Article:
President Trump will officially kick off his 2020 reelection campaign with a rally in Florida on Tuesday night. But in reality, he has been running for a second term ever since he took office.
The former reality TV star and real estate mogul — the first president without prior political or military experience — used an unorthodox campaign style to notch an upset win in 2016, with massive rallies to excite supporters. And he's employed that same strategy, with a heavily blurred line between official duties and trying to sell his agenda muddled with outright politicking, since taking office.
In fact, Trump filed his official paperwork with the Federal Election Commission on Jan. 20, 2017 — mere hours after he was inaugurated. And less than a month later, he would hold a rally (also in Florida) that was paid for by his campaign committee. When asked by a reporter if this was too early in his presidency to hold such an event, Trump replied, "Life is a campaign." As president-elect, he also launched a "victory tour" of sorts to battleground states.
So while the Trump campaign may bill this as the official start of the president's bid for a second term, it's truly anything but. Since 2017, Trump has held more than 60 rallies. Nearly three quarters of those occurred during 2018, where he was often stumping for downballot candidates in the midterm elections.
Perhaps more than any other president in recent history, Trump relished in such an extensive campaign travel schedule. And while it's certainly nothing new for commanders-in-chief to stump for members of their own party during the midterm elections, Trump's approach was very different.
Ultimately, such rallies themselves really felt more like a vehicle to promote Trump — with his own "Make America Great Again" branding, unwieldy bravado and raucous atmosphere, and usually a brief recognition of the candidate he was there to support. He also unveiled another "Keep America Great" slogan just over a year into his first term.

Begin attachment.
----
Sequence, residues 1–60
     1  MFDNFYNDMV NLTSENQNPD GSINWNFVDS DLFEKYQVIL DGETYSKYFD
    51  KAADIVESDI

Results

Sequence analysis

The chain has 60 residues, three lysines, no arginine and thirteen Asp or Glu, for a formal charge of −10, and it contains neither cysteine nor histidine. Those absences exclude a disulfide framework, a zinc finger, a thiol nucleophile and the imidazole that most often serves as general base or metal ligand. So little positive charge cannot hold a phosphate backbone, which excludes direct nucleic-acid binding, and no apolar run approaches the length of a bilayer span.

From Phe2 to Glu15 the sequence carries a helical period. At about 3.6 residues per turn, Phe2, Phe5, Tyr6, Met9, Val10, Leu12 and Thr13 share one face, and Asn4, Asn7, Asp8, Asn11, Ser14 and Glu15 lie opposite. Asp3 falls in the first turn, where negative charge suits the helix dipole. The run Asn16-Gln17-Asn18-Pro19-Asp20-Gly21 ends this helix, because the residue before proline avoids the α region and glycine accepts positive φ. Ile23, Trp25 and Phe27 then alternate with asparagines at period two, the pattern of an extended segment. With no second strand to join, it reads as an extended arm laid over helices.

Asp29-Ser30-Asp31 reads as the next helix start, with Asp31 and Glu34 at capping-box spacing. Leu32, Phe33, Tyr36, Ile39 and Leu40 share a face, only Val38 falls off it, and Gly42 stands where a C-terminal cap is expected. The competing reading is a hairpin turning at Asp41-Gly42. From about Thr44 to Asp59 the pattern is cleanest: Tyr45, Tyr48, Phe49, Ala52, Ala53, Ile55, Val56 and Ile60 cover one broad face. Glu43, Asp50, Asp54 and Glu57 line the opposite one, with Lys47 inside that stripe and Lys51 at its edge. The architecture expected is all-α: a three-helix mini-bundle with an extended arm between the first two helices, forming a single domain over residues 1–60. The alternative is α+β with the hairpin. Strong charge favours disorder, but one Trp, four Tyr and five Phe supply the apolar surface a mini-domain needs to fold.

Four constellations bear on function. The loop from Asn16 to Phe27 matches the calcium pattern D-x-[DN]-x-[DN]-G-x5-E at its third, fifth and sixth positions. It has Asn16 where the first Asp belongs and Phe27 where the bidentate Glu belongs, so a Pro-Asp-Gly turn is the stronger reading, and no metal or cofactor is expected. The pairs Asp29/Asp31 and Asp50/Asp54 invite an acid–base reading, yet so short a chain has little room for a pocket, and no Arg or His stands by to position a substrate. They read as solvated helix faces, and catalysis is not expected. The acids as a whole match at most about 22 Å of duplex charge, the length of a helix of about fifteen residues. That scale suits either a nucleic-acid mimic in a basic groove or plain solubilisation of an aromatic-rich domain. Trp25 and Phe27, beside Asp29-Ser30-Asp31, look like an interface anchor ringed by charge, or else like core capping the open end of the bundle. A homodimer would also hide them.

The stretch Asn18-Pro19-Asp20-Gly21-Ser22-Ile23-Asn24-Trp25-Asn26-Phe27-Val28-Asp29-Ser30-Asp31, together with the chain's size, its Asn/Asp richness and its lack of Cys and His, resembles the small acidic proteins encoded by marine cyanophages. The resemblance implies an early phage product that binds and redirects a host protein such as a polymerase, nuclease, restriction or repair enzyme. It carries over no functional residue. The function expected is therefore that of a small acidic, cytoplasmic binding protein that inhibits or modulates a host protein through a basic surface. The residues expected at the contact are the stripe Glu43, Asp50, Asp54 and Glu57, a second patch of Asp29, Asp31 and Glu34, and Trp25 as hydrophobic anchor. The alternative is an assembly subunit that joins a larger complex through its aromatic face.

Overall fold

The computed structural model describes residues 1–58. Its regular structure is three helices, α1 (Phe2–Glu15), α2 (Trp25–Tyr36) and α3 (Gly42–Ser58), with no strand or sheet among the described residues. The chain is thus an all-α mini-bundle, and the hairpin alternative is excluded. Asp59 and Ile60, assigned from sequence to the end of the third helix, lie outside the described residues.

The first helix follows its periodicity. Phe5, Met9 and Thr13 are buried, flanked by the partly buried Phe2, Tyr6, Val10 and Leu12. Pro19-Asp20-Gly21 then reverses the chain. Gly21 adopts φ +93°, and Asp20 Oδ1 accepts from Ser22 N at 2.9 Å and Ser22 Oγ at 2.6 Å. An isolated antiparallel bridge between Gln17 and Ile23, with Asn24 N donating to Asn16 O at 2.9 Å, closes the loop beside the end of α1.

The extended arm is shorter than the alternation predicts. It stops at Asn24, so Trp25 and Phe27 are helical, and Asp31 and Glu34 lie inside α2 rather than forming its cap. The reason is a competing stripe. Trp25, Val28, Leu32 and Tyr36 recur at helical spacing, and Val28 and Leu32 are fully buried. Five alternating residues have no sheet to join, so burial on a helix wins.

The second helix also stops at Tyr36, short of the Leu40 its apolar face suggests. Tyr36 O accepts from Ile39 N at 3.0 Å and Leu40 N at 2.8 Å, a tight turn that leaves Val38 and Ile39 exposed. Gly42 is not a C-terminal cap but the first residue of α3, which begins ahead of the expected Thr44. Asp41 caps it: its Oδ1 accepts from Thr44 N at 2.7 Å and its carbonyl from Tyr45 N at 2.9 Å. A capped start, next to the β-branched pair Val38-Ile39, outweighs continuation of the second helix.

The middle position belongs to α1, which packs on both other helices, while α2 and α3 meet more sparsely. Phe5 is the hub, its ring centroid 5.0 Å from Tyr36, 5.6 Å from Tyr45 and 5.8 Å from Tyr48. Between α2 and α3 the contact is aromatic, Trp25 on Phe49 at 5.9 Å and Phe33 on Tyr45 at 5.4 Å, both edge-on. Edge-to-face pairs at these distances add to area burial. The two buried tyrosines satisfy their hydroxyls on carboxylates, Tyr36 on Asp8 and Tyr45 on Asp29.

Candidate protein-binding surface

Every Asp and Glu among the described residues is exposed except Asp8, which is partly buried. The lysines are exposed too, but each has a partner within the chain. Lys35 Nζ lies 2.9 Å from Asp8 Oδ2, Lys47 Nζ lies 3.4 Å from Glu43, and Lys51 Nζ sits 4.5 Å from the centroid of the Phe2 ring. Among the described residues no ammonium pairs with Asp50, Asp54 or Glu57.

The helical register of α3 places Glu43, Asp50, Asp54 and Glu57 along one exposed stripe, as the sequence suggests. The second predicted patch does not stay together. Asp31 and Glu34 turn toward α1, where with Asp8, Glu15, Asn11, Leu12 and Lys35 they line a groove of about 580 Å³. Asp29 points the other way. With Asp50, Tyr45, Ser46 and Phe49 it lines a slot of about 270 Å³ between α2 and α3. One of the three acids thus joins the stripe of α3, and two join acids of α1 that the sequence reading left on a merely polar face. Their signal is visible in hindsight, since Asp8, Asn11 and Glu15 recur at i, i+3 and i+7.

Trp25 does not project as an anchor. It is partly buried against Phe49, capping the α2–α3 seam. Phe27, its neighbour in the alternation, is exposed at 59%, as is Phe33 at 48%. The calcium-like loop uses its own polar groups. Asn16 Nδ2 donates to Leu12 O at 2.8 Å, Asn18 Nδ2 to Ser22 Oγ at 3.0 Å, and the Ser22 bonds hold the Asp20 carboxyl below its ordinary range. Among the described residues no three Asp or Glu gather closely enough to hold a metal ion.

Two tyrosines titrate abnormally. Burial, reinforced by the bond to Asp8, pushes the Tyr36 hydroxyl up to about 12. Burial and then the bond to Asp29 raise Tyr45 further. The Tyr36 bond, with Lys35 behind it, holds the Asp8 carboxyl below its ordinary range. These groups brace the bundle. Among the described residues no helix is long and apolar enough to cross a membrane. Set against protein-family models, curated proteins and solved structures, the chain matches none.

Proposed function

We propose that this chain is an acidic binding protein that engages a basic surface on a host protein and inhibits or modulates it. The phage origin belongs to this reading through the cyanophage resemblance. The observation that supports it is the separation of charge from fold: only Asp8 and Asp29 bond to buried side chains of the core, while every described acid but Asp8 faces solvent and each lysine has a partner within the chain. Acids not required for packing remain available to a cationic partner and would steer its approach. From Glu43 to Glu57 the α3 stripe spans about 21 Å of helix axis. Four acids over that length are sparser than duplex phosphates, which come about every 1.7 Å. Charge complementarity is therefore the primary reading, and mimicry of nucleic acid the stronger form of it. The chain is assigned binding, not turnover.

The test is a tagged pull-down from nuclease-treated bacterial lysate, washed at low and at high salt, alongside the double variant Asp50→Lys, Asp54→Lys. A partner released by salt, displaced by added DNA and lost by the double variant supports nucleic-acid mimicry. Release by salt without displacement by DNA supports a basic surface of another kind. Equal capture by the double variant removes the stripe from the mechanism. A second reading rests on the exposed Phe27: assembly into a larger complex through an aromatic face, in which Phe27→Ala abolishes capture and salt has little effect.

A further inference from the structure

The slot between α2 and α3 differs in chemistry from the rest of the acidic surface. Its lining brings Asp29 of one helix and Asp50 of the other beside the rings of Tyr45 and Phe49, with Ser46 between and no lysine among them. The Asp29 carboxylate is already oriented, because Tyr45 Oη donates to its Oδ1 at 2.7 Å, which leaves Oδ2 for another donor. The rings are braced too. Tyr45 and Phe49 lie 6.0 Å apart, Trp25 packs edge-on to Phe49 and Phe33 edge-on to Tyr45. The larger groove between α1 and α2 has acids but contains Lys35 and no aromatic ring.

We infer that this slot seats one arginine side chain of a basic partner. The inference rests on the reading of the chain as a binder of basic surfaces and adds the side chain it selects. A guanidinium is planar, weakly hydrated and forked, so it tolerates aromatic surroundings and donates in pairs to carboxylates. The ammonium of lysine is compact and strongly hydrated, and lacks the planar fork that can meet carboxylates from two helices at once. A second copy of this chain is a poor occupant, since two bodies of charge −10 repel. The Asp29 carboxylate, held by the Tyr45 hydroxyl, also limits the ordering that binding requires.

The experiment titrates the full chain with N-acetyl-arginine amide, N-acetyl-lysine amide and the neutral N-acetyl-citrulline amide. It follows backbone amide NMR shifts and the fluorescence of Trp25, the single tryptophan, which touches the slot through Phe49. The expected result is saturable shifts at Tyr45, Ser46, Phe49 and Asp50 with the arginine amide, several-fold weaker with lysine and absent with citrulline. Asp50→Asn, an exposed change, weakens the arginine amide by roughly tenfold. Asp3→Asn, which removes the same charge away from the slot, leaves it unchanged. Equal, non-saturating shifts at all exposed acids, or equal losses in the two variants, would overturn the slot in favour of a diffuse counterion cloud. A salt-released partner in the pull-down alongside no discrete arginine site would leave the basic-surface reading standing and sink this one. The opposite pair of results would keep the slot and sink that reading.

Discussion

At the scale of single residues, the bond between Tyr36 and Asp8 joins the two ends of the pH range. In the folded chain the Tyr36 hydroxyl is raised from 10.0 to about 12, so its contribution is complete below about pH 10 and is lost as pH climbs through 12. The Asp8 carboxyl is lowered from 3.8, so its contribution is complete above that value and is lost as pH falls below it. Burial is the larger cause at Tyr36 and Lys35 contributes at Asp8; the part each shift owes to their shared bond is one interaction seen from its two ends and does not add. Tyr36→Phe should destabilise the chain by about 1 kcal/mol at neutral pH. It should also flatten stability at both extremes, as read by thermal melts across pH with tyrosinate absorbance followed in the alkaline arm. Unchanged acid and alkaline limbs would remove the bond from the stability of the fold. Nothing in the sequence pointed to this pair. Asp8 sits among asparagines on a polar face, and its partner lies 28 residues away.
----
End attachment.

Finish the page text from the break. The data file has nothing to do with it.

If tonight's rally is seen as Trump's true "official" launch, it's about on par timing-wise with when President Bill Clinton started angling for a second term. It was in late June 1995 that Clinton held a fundraiser for his reelection coffers (Trump would do that for the first time back in June 2017, less than six months after his inauguration) alongside first lady Hillary Clinton, Vice President Al Gore and his wife Tipper. The media billed it as his effective launch. But as The New York Times noted in a May 1996 story, there had long been a "shadow campaign" within the White House, trying to use the "rhetorical, ceremonial and majestic possibilities of incumbency" to help boost him, even "forsak[ing] the traditional formal announcement of his candidacy."
Clinton, a gifted orator, also thrived on the stump and in retail politics environments. He traveled extensively ahead of the 1994 midterms (which also saw the House of Representatives flip parties, along with the Senate) and was energized by political events. And like other presidents, including President Obama, often official events to tout job announcements or policy rollouts would not-so-coincidently be held in swing states, with executive branch functions having something of a campaign feel.
And Clinton, like Trump, also filed his FEC statement of shortly after his inauguration; for Clinton it was less than a month later, not the very same day as Trump did.